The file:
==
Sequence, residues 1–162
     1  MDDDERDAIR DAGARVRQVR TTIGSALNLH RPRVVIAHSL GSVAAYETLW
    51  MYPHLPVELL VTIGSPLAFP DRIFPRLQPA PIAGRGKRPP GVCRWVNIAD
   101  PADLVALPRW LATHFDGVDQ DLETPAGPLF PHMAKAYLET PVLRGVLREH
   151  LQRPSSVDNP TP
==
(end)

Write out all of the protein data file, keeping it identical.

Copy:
Sequence, residues 1–162
     1  MDDDERDAIR DAGARVRQVR TTIGSALNLH RPRVVIAHSL GSVAAYETLW
    51  MYPHLPVELL VTIGSPLAFP DRIFPRLQPA PIAGRGKRPP GVCRWVNIAD
   101  PADLVALPRW LATHFDGVDQ DLETPAGPLF PHMAKAYLET PVLRGVLREH
   151  LQRPSSVDNP TP